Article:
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Donald Trump thinks approval ratings are rigged. That's scarier than you think.

Ignoring approval ratings removes a major check on Trump’s power.

Trump Attends D.C. Dinner Aimed At Meeting With Foreign Diplomats Kevin Dietsch-Pool/Getty Images

There are woefully few people and institutions capable of meaningfully constraining Donald Trump.

Congress won’t do it; Paul Ryan and Mitch McConnell have made it clear they’re not interested in pressuring the president-elect on his sundry conflicts of interest or in launching investigations into Russian involvement in the election. Opportunities for state-level resistance are limited, given the small number of states with Democratic governments. Foreign countries will not have much influence; at the end of the day Germany’s Angela Merkel has few tools to push Trump into line with Western Europe, and the UK’s Theresa May and France’s François Hollande are in even worse positions to pressure him.

But one of the most important checks on the president, on any politician, is public opinion. While it may not always feel true, political scientists broadly agree that presidents have historically been quite responsive to public opinion, perhaps more so than the framers — who saw the office as standing somewhat aloof of mass sentiment — originally intended.

Public opinion is a valuable constraint on the president’s freedom of action. It prevents the president from abusing the unilateral powers of the office to benefits cronies and political allies; it helps explain why Richard Nixon and Gerald Ford never pardoned the Watergate burglars and conspirators (besides Nixon himself), why George W. Bush didn’t preemptively pardon members of his administration who engaged in torture, why corrupt members of Congress from a president’s own party still face prosecution.

It has forced major changes in foreign policy too. The public opinion rebuke of a lukewarm New Hampshire primary performance pushed Lyndon Johnson to withdraw from the presidential race, halt bombing in North Vietnam, and commence peace talks with the country. Cratering approval ratings and the 2006 midterms forced Bush to fire Donald Rumsfeld and try a new strategy in Iraq.

Which all makes it quite disturbing that Donald Trump appears to believe approval ratings are rigged. First, before inauguration, he tweeted this:

Then, after CNN aired a segment on a poll they conducted showing public opposition to the Trump administration’s efforts to bar admissions to the US by citizens of seven Muslim majority countries, Trump declared all negative polling “fake news”:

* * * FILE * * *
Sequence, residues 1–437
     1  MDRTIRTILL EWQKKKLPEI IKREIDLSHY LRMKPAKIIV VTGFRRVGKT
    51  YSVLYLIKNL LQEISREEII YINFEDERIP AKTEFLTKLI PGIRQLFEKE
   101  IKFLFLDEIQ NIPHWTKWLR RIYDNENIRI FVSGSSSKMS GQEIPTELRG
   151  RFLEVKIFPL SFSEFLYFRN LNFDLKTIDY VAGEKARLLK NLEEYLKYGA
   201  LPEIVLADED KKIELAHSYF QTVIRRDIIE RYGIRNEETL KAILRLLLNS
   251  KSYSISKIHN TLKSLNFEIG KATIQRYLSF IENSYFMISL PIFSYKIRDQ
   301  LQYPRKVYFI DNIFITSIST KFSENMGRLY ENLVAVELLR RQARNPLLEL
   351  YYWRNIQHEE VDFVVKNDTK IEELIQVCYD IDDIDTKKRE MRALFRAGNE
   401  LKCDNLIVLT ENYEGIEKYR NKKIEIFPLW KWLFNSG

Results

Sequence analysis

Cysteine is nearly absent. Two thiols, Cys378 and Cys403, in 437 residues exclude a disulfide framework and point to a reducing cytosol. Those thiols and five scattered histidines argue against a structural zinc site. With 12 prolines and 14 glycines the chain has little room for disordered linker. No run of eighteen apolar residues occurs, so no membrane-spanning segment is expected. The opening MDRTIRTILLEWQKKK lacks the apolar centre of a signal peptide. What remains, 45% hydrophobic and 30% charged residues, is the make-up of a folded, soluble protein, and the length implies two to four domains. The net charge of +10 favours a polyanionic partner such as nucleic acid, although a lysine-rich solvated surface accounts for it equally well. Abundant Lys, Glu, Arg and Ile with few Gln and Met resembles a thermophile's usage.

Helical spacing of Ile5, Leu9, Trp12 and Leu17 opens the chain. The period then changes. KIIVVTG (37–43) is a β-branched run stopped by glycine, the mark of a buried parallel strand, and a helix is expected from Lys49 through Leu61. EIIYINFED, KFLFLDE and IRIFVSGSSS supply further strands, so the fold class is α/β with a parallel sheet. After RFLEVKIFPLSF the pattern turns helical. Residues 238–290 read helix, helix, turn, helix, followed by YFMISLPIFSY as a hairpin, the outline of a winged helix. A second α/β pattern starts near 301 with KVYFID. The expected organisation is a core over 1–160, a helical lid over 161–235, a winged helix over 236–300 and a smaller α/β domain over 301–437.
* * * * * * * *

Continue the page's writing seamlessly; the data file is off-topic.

Approval ratings and other polls aren’t the only way public opinion can constrain presidents; midterm and primary elections can do the trick too, as can rallies and protests and other displays of activism. But approval ratings are an undeniably important mechanism. They’re a leading indicator, accessible in nearly real time, with a clear connection to the president’s own material self-interest. A low approval rating means a lower chance of getting reelected, and a higher chance of losing seats in Congress and even state legislatures; there’s a reason presidential approval is a key variable in the most accurate predictive models for presidential and down-ballot elections. Beyond being bad in and of itself, it is bad in a real, concrete way for the president personally and, often, for the rest of his party.

So if Trump does dismiss these numbers, that means he’s ignoring one of the only things that can hold him back. Instead of taking polls as indicators — imperfect indicators, but still — that something is going wrong and he might want to pivot for his own good, he might not consider them at all. If he abuses the pardon power and his favorability plummets, he won’t notice. If he repeals Obamacare without replacing it and the country rebels, he won’t believe that Americans view that as a mistake.

This wouldn’t necessarily be abnormal behavior. There’s a difference between how presidents behave when they have relatively high or low approval ratings — and Trump is already the least popular president-elect in recent history, by a large margin — and how they behave when they have average approval. In the latter circumstance, they have an incentive to align with public opinion to boost those ratings further and bolster their chances in future elections. But Princeton’s Brandice Canes-Wrone and Stanford’s Kenneth Shotts have found that presidents with very low or very high approval ratings are less responsive to public opinion than presidents with average approval.

Extremely popular presidents seem to feel more politically secure, and can afford to break off from public sentiment when they disagree with it. At the other extreme, very unpopular presidents may figure they’re doomed anyway, and that they might as well do what they like and hope it’s such a massive success that it works out. Trump seems to be finding himself in the latter camp.

Unlike presidents like Bush or Nixon, who found themselves massively unpopular toward the end of their tenures, Trump is beginning his term that way. So even though his unpopularity suggests that the nation wants checks on him, and thereby likely wants public opinion to constrain him, Trump’s own statements and the experience of history suggest that the worse his ratings get, the more likely he’ll be to dismiss them.


Watch: It’s on America’s institutions to check Trump

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